UPS. The package delivery company is eliminating the worry of missing a delivery because you weren’t home. Through UPS Access Point, customers can drop off and drivers can deliver goods to a safe, pre-approved nearby location such as the UPS Store, supermarket or a convenience store. A government-issued photo ID or a mobile device is required for pickup. The service is available in New York and Chicago and will expand to key U.S. markets next year.
Whole Foods. A Consumer Reports poll this year showed that 92 percent of Americans want to be told on a label if their food is genetically modified. Whole Foods is the first national grocery chain to commit to mandatory labeling of products that include GMOs. The company already labels many products but will require transparency for all such products by 2018.
And now the naughty list:
AT&T. The Federal Trade Commission sued the company, alleging that it misled millions of smartphone users who signed up for unlimited data plans, only to find that data speeds would be dramatically slower if customers exceeded a certain amount of data in a billing cycle, a practice known as “throttling.” According to the suit, the Dallas-based company slashed speeds by as much as 90 percent, making common activities like Web browsing, streaming video and GPS navigation difficult or nearly impossible. AT&T says that the allegations are baseless and that it has been upfront and transparent with customers. The case has yet to be resolved.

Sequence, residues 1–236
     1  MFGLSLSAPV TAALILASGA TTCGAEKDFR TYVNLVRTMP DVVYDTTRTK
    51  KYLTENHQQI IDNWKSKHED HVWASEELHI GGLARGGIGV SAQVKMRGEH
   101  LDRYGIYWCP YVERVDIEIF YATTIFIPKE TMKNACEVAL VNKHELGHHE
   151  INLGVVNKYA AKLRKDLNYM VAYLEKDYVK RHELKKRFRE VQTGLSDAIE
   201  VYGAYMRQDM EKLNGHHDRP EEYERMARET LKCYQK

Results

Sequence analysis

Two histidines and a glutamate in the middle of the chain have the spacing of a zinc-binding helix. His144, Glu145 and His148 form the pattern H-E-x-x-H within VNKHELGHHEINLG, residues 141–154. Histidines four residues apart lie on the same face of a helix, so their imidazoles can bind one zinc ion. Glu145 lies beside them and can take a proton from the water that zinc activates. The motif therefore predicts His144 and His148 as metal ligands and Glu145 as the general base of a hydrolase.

Dillard’s. The department store chain won’t give price adjustments as a matter of policy, for either online or in-store purchases.
Marriott. The Federal Communications Commission fined the hotel chain $600,000 for violating the law by jamming mobile hot spots at its Gaylord Opryland Hotel and Convention Center in Nashville, so guests couldn’t log on to their personal networks. At the same time, the hotel charged conference organizers and exhibitors $250 to $1,000 per access point to use the Gaylord’s Wi-Fi service in the conference facilities.
Spirit Airlines. The low-priced carrier, which Consumer Reports says nickels-and-dimes passengers for everything in addition to the basic ticket, hiked baggage fees by $2 per bag for the holiday season. The airline characterizes the fee as “temporary.”
Yelp. The user-review website received a $450,000 civil penalty imposed by the FTC because it collected personal information from children through its mobile device app without first notifying parents and obtaining their consent, a violation of the Children’s Online Privacy Protection Act. The FTC said that between 2009 and 2013, Yelp gathered names, e-mail addresses, locations and other information from several thousand children even after they registered and indicated that they were under age 13.
Zales. The average annual percentage rate for borrowing at retailers is now 23.23 percent, according to tracker CreditCards.com. That’s more than 8 points higher than the national average for general-purpose cards. The highest retailer APR goes to jewelry chain Zales, with a borrowing rate of 28.99 percent.
Consumer Reports is asking the public to join in on the conversation by submitting their Naughty & Nice nominee via Facebook and Twitter (#CRNaughtyNice).
Teresa McUsic’s column appears Saturdays.